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An oxymoron is a figure of speech in which two seemingly contradictory terms are used together. Sometimes the intent is literary, as in “deafening silence.” Sometimes the purpose is ironic juxtaposition—“postal service” or “jumbo shrimp”—to highlight conflicting concepts.
I propose a new example: Truth in Mergers. This is a 25-page NCUA publication from May 2014. The subtitle: A Guide for Merging Credit Unions.
This document was prepared by the NCUA’s Office of Small Credit Union Initiatives (OSCUI). The preface lists three purposes:
- Understand trends in credit union mergers.
- Determine when a merger is in a credit union’s best interest or, in the worst case, necessary to continue operations.
- Negotiate a merger agreement that best serves the merging credit union’s interests.
OSCUI’s mission statement reads: “We support the success of small credit unions…[and] recognize the unique role small, low-income designated and new credit unions play in the lives of their members and communities. We are committed to helping these credit unions not only survive but thrive.”
The “truth” is that the brochure was to facilitate the demise of smaller credit unions.
Oxymorons can assist the reader to clarify the NCUA’s doublespeak. After each of the following verbatim excerpts, I have provided this figure of speech to aid in interpretation.
Statements from “Truth in Mergers”
|“Mergers between credit unions are commonplace in the industry today.”||Old news|
|“And like all businesses and institutions, mergers can be successful or unsuccessful.”||Even odds|
|“NCUA does not endorse mergers…”||Seriously funny|
|“…mergers undertaken proactively by credit unions in sound financial condition have better outcomes for the credit unions involved and their members.”||Alone together|
|“…many credit unions wait until they are in a troubled financial position before exploring the option to merge.”||Definite possibility|
|“Weak Financial Condition Drives Most Credit Union Mergers”||Deliberate mistakes|
|“A merger can also provide direct benefits to credit union members, including lower cost of services, lower loan rates, and higher dividends. These benefits are significant, immediate, and persistent.”||True lies|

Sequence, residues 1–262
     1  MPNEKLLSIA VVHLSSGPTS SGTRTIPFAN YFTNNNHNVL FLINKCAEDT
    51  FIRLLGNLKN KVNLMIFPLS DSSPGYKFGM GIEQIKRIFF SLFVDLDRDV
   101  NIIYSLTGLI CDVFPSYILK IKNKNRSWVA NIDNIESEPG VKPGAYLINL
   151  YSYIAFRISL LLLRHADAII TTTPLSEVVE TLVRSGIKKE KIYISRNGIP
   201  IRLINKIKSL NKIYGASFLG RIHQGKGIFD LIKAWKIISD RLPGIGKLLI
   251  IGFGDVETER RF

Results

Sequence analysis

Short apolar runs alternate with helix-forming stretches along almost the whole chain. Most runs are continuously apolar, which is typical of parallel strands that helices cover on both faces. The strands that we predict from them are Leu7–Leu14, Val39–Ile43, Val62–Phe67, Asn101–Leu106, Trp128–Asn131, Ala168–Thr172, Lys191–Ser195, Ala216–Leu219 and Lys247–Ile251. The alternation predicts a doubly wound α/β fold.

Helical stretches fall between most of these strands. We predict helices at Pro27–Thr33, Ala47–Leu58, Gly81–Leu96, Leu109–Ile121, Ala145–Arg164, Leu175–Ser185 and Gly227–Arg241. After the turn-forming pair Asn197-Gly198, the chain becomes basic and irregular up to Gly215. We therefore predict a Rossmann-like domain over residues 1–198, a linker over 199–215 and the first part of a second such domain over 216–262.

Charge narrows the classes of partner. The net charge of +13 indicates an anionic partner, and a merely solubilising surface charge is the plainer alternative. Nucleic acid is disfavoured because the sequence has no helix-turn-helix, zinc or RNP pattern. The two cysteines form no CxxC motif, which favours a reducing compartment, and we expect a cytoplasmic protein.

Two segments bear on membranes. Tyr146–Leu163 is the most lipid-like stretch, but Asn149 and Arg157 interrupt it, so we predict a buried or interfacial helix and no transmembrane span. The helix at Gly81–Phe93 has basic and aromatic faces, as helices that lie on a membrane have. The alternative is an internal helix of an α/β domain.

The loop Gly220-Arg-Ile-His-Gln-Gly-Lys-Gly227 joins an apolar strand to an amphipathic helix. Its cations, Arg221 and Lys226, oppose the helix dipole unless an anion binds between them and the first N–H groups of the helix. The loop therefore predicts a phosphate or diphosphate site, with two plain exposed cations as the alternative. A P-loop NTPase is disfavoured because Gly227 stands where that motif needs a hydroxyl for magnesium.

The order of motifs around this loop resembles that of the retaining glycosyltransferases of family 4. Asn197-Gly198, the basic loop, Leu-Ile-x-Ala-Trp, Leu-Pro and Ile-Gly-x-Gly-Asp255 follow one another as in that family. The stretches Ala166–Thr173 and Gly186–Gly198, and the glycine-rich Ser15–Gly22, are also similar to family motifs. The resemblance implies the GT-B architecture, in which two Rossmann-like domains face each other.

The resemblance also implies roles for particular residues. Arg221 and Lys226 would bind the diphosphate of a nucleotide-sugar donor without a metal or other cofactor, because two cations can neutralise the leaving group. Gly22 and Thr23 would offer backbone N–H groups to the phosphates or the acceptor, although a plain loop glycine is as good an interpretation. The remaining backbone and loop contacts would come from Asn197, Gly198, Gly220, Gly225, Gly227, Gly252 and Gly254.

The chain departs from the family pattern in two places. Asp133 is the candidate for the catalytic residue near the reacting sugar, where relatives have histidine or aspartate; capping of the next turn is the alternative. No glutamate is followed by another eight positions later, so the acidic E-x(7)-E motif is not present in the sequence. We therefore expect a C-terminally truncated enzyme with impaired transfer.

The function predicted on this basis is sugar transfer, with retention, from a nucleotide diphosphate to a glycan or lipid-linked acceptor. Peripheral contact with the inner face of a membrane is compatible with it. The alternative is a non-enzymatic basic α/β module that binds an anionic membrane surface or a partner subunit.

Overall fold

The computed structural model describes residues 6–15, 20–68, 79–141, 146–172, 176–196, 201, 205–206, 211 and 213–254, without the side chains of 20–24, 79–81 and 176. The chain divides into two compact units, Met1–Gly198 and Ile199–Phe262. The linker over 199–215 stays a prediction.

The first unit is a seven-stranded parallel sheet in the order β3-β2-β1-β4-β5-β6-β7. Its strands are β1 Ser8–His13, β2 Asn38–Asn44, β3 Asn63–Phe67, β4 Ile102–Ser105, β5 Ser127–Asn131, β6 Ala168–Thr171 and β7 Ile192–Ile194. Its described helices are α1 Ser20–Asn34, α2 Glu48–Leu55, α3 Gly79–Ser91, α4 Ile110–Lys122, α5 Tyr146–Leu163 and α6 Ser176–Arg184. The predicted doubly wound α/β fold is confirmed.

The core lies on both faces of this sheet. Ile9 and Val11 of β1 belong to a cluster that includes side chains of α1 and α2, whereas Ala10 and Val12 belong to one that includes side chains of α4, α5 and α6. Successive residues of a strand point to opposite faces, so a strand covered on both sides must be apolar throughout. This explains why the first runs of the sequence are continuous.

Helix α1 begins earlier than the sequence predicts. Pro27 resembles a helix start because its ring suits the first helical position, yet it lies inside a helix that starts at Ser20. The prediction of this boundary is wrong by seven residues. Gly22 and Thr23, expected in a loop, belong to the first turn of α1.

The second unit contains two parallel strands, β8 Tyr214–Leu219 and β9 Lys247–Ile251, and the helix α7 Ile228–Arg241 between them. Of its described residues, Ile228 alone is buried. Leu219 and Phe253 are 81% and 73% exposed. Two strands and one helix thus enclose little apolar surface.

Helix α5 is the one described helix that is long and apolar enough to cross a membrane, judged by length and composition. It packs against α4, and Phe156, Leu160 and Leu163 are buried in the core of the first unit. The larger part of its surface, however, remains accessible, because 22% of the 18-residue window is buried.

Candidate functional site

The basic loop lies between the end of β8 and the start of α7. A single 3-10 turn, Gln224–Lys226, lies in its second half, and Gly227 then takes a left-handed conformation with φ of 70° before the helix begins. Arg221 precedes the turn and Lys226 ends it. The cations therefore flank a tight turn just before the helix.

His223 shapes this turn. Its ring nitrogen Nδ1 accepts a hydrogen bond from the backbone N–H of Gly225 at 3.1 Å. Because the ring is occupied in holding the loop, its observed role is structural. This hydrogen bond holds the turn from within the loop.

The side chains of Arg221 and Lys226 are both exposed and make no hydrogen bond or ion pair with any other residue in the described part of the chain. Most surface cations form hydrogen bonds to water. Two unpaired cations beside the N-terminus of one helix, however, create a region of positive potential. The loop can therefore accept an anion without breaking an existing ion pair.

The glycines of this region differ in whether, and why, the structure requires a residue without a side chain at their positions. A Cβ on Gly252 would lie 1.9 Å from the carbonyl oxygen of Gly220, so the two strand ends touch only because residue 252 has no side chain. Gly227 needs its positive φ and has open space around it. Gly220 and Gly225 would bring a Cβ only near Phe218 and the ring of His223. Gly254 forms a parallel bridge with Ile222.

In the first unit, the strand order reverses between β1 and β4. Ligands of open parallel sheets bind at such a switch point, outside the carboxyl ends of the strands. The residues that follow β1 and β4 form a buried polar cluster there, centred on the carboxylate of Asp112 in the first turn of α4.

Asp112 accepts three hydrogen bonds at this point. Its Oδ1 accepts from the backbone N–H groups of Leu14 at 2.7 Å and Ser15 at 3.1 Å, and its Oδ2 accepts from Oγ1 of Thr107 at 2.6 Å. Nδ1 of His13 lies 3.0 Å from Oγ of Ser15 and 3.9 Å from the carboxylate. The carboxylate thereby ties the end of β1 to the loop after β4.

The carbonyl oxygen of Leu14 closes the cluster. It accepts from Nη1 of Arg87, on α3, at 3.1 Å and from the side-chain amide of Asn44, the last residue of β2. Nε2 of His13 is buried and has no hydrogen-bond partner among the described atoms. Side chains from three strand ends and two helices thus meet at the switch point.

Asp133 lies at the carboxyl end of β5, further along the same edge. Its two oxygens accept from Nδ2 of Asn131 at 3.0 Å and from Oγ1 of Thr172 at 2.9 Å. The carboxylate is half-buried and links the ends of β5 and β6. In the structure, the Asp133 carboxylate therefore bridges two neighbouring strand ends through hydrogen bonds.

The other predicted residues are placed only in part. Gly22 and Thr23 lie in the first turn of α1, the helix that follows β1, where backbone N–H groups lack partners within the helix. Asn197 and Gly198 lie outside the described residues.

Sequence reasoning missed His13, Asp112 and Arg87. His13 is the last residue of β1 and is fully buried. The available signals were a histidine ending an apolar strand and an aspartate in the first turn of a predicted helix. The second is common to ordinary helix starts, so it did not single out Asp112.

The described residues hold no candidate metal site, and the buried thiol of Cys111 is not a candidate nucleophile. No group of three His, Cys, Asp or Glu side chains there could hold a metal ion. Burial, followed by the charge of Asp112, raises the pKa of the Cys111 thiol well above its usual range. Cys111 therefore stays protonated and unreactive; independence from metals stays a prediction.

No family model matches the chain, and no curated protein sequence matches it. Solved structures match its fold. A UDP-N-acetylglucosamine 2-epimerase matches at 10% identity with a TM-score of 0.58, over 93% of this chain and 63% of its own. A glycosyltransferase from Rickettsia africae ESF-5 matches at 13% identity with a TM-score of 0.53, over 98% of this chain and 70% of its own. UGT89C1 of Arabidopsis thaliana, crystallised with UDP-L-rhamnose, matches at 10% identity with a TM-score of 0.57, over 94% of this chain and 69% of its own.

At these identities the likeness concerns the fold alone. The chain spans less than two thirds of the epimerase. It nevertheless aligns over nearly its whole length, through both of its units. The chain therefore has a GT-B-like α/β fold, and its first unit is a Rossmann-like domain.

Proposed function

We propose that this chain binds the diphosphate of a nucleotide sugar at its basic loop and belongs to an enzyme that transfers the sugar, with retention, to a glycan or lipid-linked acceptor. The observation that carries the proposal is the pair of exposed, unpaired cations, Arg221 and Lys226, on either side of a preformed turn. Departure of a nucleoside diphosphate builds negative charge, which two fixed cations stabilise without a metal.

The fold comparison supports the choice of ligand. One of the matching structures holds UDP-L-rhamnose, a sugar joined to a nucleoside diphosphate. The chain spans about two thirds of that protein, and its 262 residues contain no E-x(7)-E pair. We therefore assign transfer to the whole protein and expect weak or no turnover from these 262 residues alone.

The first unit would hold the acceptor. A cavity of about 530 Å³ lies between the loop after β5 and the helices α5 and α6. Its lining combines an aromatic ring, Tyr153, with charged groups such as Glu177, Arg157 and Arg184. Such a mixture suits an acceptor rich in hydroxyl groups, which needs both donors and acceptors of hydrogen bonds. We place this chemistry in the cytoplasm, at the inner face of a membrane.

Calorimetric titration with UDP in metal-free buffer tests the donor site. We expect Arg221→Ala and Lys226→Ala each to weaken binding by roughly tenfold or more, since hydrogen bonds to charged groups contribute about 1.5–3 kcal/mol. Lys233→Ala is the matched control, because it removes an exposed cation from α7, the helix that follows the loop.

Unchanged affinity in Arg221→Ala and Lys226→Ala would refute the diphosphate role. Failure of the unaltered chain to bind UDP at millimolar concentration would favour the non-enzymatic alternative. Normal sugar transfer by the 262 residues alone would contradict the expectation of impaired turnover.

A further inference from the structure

|“Negotiating the terms of the merger contract is one way a merging credit union can realize the greatest benefits of the transaction.”||Bittersweet|
|“OSCUI’s study of merger packages also demonstrated a clear link between a merging credit union’s financial strength and its ability to negotiate advantageously with the continuing credit union.”||Strength in weakness|
|Best Practices: “Shop around for the best fit. . .merging credit unions should seek out and evaluate multiple potential partners and critically evaluate major issues, such as: organizational culture, mission statements, and respective memberships.”||Act naturally|
|“Include a merger in the strategic planning process. Credit unions are encouraged to consider the impact of a merger as part of the strategic planning process.”||Definite possibility|
|“Develop a succession plan for executives and board members. Avoid letting the board and the CEO grow old together.”||Open secret|
|“Merger contracts can be negotiated to ensure that the merging credit union’s members, staff, and community continue to be served.”||True myth|
|“Take measures to enforce the merger agreement. How can merger agreement provisions be enforced when one party to the agreement no longer exists?
“NCUA’s Office of General Counsel suggests that a merging credit union name in the contract the third-party beneficiaries with standing to enforce the contract. For example, if the continuing credit union agrees to keep a branch open for at least one year, the agreement would note that the members of the discontinuing credit union are beneficiaries with standing. Because these matters would fall under state contract law, the wording should be state specific.”
The almost final word
“This brochure has been prepared by NCUA’s Office of Small Credit Union Initiatives (OSCUI) as a resource to help credit unions…” [emphasis added]
This Office of Small Credit Union’s initiative was intended to phase out small credit unions. Those with problems—for sure. Those in sound financial condition—in due course.
This “small credit union” endeavor gave the green light for all credit unions to seek merger opportunities. No matter the size, circumstance, proximity, or business logic. It began an open season for self-dealing. CEOs saw the opportunities to cash out at their retirement. Long standing member loyalties were squandered, and a binge of back room deals by leaders of sound local credit unions was officially sanctioned.
The challenge for Chairman Harper and the board: is there a cure for this official document issued while he was senior policy advisor to Chairman Matz?
To keep mergers in perspective, we give the last word to capitalist Henry Ford: “A business that makes nothing but money is a poor business.”